Moreover, Mortensen even boldly identified its species - the Cape (brown) fur seal Arctocephalus pusillus (=antarcticus) - and believed the matter to be closed, reviving it briefly on 17 March 1934 in Nature merely to include mention of Dampier's account, which he had not seen when preparing his detailed paper. Certain other records, given in this present article of mine but again not seen by Mortensen, were presented as a response to his Nature note in Kitching's own Nature report, published on 4 July 1936, but Kitching did not express any opinion regarding the creature's identity.
By way of contrast, as outlined within his report of Mundy's sighting, in 1935 F.C. Fraser had leaned very heavily in favour of one specific identity - once again involving a pinniped, but not a sea-lion this time. Instead, Fraser nominated a true (i.e. earless) seal - namely, a young male specimen of the southern elephant seal Mirounga leonina. As its scientific name suggests, this creature does bear a fancied resemblance to a lion-like beast, and is therefore more reminiscent of a sea-lion (albeit one of massive proportions) than are most other true seals. Even so, it bears rather less resemblance to the beast depicted in Mundy's illustration. Moreover, as revealed in 2005 via a Latin American Journal of Aquatic Mammals paper jointly authored by Juan José Alava and Raúl Carvajal, this species did historically breed on St Helena, but equally they were readily recognised for what they were.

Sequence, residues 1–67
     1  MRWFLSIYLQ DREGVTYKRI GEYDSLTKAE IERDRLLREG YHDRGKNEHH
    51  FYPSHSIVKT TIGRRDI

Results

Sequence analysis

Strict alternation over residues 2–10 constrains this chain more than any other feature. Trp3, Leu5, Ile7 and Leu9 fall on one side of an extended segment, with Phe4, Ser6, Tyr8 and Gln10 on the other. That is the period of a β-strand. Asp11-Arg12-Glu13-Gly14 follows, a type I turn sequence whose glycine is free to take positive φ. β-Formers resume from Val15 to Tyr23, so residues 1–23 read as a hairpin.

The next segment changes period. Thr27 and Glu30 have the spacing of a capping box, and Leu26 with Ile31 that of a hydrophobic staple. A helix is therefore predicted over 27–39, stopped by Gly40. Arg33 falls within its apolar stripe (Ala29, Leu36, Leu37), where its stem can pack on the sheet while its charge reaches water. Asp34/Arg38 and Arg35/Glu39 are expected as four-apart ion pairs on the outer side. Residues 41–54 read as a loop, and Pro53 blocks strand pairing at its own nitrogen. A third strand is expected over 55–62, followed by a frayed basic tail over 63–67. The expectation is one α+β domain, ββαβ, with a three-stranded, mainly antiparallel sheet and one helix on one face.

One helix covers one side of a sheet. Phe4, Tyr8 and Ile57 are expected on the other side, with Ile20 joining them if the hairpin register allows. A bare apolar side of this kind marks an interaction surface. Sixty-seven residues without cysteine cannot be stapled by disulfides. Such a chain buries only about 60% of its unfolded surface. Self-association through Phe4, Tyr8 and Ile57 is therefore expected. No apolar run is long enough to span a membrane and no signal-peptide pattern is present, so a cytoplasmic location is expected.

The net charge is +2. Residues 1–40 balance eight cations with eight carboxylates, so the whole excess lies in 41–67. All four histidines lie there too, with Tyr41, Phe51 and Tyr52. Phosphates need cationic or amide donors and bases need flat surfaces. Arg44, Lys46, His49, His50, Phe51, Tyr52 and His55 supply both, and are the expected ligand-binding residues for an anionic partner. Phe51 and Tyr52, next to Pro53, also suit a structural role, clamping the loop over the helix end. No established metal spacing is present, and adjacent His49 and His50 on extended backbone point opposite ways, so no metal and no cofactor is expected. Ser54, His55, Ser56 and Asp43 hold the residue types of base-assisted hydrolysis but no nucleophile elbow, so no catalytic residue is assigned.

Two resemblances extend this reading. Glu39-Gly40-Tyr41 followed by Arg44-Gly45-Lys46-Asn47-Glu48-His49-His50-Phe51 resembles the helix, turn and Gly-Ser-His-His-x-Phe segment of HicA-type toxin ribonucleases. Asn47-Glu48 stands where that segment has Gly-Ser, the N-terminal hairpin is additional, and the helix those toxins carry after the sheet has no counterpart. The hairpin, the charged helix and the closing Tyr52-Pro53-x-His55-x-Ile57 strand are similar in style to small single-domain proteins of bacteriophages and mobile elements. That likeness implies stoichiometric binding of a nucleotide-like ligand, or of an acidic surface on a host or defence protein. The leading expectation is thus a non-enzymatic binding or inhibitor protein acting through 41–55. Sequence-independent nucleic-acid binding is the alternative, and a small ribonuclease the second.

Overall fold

Since the 1930s, the St Helena manatee - or sea-lion, or elephant seal - seems to have been forgotten, like so many other 'inconvenient' animals, but could it really have been a sirenian? Sadly, the reports on file are not sufficient in themselves to provide an unequivocal answer - all that they can do is offer certain important clues.
Male southern elephant seal (© B. Navez/Wikipedia – CC BY-SA 3.0 licence)
For instance, as manatees measure up to 15 ft long the St Helena beasts were evidently large enough, and their description as calf-shaped by Henry also conforms with that identity. Conversely, the saucer-shaped eyes of Henry's beast conflict markedly with the small, relatively insignificant versions sported by the generally myopic manatees. Large eyes are characteristic of pinnipeds, as are the fearsome jaws and teeth of Mundy's animal. The same can also be said of the latter's moustaches - but as manatees have a bristly upper lip too, this feature is less discriminatory.
If the St Helena beasts were sirenians, their presence around this island indicates that they may truly have constituted a species in their own right. After all, as Lydekker pointed out in defence of his belief that they belonged neither to the African nor to the Caribbean species of manatee, although it is conceivable that a specimen or two may occasionally be carried from Africa or America to St Helena this surely could not occur regularly.